Page Breakdown
      < 250                                                  9                                   51
250 - 350                                                  5                                   30
351 - 450                                                  4                                   18
       > 450                                                 0                                   17

Author Gender
Female                                                      2                                   33
Male                                                        16                                   83

5 - star                                                       1                                  15
4 - star                                                     13                                  62
3 - star                                                       4                                  39

Fiction                                                       2                                  19
Mystery                                                     6                                  52
SciFi                                                          9                                  28
Non - Fic                                                   0                                    8
Humour                                                     0                                    3
Classics                                                     1                                    6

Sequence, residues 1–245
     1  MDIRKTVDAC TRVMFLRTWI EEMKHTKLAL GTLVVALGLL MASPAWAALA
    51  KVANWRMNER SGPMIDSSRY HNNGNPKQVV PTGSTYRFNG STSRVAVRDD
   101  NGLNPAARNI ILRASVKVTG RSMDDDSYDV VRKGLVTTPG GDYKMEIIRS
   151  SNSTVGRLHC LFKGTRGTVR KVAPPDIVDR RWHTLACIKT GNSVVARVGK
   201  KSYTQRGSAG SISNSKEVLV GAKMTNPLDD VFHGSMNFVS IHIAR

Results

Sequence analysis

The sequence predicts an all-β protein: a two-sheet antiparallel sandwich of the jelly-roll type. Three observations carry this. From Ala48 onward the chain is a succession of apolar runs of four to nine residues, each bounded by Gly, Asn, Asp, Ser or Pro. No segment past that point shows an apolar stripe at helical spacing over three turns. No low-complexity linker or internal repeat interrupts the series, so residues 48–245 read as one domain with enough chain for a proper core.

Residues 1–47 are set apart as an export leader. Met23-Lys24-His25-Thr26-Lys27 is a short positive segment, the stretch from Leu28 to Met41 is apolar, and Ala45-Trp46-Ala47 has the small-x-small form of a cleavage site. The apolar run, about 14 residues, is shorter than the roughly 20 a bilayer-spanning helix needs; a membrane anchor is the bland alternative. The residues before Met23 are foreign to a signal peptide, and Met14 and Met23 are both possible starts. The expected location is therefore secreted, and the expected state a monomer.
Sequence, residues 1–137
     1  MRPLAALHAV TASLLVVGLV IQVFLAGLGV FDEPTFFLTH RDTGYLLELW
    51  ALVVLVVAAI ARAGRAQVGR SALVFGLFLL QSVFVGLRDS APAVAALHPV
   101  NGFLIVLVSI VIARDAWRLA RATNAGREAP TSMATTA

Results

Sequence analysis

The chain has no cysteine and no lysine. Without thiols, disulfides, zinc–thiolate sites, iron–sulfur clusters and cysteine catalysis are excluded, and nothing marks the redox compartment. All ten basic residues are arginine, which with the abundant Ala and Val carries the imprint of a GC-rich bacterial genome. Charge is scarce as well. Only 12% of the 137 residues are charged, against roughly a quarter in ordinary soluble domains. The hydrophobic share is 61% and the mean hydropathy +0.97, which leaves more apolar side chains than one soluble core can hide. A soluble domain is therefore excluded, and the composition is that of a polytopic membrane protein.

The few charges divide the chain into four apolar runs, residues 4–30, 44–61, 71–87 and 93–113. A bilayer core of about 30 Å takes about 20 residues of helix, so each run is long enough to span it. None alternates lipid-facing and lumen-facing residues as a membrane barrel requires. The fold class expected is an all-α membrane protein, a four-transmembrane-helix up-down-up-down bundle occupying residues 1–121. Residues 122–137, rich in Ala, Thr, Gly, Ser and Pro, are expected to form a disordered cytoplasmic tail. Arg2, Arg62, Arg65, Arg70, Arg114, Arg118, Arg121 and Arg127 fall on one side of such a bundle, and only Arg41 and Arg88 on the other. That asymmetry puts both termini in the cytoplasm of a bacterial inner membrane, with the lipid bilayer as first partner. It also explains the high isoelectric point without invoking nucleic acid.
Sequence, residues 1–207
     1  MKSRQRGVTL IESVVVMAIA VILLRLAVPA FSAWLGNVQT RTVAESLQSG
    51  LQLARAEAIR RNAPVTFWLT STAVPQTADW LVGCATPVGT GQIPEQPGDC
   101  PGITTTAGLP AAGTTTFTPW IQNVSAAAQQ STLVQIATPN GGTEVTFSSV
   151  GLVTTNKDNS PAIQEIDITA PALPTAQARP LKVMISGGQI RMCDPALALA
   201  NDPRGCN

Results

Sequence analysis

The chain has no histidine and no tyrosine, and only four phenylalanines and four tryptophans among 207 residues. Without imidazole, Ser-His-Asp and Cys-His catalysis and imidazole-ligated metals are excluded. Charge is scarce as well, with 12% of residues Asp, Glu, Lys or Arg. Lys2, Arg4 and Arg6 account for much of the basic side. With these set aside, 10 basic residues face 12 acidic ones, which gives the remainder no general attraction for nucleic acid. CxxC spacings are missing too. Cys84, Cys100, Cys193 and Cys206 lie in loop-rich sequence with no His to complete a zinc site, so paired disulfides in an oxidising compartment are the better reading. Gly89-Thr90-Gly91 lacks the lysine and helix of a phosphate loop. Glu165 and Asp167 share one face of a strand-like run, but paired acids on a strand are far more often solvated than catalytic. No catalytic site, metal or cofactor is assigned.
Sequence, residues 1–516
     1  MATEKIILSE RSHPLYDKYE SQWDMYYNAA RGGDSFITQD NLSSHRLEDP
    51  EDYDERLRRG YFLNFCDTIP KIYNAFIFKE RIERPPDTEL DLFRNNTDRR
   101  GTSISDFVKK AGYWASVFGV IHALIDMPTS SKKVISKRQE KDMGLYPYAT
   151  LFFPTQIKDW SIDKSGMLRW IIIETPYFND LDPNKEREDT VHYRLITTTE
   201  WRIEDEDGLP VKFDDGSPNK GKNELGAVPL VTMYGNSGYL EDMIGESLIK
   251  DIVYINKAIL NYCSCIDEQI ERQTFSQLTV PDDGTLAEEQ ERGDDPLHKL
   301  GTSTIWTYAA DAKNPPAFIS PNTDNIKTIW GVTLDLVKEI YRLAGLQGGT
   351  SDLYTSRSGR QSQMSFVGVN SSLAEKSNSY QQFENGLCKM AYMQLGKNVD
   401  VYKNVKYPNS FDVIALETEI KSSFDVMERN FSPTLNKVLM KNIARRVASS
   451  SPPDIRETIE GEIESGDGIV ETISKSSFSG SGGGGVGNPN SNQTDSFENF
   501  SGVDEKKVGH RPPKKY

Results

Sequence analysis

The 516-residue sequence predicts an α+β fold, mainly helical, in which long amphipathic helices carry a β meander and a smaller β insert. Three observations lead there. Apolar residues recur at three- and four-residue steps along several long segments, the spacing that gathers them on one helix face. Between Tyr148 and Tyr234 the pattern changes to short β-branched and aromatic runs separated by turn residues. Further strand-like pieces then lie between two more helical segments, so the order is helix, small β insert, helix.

Top 3 Books
1. The Werewolf Principle by Clifford Simak - 5 stars
2. Memory Book by Howard Engel - 4 stars
3. The Memoirs of Sherlock Holmes by Sir Arthur Conan Doyle - 4 stars

Reading Group Challenges

Reading Group 12 + 0 - Canadian Lit - This was my second attempt at this challenge, continuing with a theme of Canadian Lit. I finished it this past month.

1. Memory Book by Howard Engel - This is one of the later Bennie Cooperman mysteries. My review is below.

"I read some of the early Benny Cooperman mysteries back a few years and I enjoyed Benny and the stories. For the most part they were set in the town of Grantham, Ontario, just down the road from Niagara Falls. Benny is a private investigator; his cases are interesting and he is an interesting character. In 2000, the author, Howard Engel , suffered a mild stroke, which left without the ability to read, without major effort and therapy, even though he could still write. The condition is known as alexia sine agraphia.
In 2005, he wrote this book. It starts with Benny waking up in a hospital in Toronto, after having been discovered in a dumpster. Benny was struck in the head and because of this, he finds that he has the same condition. He has great difficulty reading, remembering names and what happened yesterday. He can write and remembers things that happened earlier in his life. While in the hospital, Benny enlists the aid of his girl-friend, Anna, to continue investigating; the case Benny was actually involved with, and to find and interview many of the people involved. At the same time, Benny works to develop techniques to improve his mental state and to find techniques to assist him; the Memory Book being one of them. As well, he continues his investigation from his hospital bed.
It's a fascinating concept and interesting story, peopled with great characters. The mystery is almost secondary to Benny's experiences in the hospital. All in all, an excellent, well-written, entertaining story. (4 stars)